cybercrime

3 Keys to Combat Hackers in Cybercrime Surge

Cyber attacks have spiked dramatically since the COVID-19 crisis began, leading to what some are calling a “cybercrime pandemic” as hackers capitalize on vulnerabilities inherent in a newly remote workforce. The U.S. Federal Bureau of Investigation is receiving between 3,000 to 4,000 new internet crime complaints each day, compared to an average 1,000 daily before the pandemic. Phishing scams alone have risen by 667 percent since March 1.

Cyber criminals target employees working from home, taking advantage of a lack of cybersecurity controls and expertise to gain access to employers’ data, through social engineering or any of a number of new tactics hackers have developed to exploit the current crisis.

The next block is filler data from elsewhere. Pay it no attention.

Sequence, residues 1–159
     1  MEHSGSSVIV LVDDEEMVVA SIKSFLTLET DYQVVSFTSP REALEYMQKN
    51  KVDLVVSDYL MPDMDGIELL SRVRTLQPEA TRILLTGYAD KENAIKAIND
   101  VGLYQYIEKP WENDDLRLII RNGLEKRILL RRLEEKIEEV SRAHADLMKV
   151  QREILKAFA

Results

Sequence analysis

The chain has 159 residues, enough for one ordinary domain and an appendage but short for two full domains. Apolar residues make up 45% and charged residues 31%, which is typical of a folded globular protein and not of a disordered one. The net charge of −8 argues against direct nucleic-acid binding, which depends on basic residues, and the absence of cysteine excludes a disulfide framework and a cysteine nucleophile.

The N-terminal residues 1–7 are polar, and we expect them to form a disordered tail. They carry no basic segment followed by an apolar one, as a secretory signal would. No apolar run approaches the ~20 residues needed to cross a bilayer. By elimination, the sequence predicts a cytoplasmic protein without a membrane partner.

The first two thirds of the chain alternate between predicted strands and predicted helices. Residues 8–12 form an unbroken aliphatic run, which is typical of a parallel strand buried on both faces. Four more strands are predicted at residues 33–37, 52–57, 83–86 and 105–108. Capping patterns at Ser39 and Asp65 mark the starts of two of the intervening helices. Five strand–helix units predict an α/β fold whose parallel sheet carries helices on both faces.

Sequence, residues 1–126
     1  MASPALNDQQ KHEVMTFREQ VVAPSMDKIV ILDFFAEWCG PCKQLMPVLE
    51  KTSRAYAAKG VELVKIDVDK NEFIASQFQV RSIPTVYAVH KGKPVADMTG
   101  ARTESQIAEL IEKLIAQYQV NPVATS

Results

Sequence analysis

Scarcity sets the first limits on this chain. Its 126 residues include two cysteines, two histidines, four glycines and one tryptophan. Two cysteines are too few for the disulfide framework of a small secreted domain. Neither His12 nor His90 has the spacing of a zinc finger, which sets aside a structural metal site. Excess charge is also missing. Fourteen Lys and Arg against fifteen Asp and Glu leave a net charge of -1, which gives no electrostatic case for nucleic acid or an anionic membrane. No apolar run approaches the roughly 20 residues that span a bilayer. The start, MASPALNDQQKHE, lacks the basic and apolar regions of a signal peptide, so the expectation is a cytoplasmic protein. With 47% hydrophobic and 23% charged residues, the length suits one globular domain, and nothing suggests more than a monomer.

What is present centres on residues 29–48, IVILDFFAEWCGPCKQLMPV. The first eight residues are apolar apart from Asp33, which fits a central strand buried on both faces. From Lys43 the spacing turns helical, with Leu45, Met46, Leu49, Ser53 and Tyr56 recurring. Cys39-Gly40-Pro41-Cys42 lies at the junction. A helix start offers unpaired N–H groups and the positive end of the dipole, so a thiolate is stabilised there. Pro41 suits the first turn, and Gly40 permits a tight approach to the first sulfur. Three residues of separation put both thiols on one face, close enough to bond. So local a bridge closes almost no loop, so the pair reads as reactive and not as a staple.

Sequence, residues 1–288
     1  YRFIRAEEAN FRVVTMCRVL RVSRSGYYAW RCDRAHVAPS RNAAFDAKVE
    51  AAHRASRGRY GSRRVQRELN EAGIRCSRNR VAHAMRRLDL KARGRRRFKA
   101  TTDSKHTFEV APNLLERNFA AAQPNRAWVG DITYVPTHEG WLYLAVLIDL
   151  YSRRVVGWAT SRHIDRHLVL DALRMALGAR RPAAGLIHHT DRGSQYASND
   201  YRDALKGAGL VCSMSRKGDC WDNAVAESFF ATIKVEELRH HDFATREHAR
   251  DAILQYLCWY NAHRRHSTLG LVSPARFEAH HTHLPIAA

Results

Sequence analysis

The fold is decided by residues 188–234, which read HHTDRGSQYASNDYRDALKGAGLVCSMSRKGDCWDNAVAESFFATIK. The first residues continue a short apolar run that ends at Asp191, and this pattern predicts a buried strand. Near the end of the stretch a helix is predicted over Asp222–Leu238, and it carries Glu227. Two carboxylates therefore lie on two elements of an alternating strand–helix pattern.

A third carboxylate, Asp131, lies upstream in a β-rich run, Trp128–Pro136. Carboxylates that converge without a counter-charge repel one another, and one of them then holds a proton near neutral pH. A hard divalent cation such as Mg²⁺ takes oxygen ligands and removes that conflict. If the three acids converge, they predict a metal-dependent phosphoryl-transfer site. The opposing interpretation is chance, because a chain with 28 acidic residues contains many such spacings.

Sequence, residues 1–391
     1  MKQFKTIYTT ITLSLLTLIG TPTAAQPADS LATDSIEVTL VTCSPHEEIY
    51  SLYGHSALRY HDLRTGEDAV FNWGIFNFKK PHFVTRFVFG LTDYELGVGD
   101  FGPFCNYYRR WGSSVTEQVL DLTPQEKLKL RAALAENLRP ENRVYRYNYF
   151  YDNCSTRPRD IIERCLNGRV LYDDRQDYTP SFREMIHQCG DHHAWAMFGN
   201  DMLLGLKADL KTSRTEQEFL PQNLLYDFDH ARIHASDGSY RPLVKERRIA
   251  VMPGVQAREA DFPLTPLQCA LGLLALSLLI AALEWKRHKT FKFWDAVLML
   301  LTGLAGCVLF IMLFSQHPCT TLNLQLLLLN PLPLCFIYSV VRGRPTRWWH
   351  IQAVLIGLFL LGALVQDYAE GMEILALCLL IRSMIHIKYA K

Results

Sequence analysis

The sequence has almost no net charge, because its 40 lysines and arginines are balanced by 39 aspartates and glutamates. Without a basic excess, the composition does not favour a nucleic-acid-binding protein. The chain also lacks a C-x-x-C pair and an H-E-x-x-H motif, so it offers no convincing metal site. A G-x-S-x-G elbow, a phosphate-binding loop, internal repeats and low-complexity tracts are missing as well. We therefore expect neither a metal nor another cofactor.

“When you have a pandemic bubbling away in the background, a company’s focus is not necessarily going to be cyber risk management,” said Nathan Rose, Senior Underwriter and Business Development Specialist, Burns & Wilcox, Vancouver, British Columbia. “Companies transitioned from working in a controlled, contained environment to working remotely very quickly. That created problems from a risk management standpoint.

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